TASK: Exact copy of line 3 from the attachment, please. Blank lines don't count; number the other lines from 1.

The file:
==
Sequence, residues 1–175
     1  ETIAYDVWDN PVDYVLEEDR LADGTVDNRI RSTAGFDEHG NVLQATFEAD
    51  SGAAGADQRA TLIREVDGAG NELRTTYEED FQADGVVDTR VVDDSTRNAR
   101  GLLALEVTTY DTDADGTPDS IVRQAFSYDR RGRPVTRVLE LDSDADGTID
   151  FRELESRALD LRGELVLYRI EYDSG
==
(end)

    51  SGAAGADQRA TLIREVDGAG NELRTTYEED FQADGVVDTR VVDDSTRNAR